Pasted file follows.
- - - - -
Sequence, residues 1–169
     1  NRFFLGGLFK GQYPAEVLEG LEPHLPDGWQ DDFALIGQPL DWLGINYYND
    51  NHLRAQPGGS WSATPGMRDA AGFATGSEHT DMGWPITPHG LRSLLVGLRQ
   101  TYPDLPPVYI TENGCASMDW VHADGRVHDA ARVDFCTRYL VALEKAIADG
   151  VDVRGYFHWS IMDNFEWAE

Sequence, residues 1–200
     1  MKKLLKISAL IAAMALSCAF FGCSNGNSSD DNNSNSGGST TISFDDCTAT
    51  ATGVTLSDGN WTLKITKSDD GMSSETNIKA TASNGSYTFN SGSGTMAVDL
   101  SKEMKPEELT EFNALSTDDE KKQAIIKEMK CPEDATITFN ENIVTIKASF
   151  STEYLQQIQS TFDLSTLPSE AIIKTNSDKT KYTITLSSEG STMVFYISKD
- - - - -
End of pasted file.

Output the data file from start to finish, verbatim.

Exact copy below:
Sequence, residues 1–169
     1  NRFFLGGLFK GQYPAEVLEG LEPHLPDGWQ DDFALIGQPL DWLGINYYND
    51  NHLRAQPGGS WSATPGMRDA AGFATGSEHT DMGWPITPHG LRSLLVGLRQ
   101  TYPDLPPVYI TENGCASMDW VHADGRVHDA ARVDFCTRYL VALEKAIADG
   151  VDVRGYFHWS IMDNFEWAE

Sequence, residues 1–200
     1  MKKLLKISAL IAAMALSCAF FGCSNGNSSD DNNSNSGGST TISFDDCTAT
    51  ATGVTLSDGN WTLKITKSDD GMSSETNIKA TASNGSYTFN SGSGTMAVDL
   101  SKEMKPEELT EFNALSTDDE KKQAIIKEMK CPEDATITFN ENIVTIKASF
   151  STEYLQQIQS TFDLSTLPSE AIIKTNSDKT KYTITLSSEG STMVFYISKD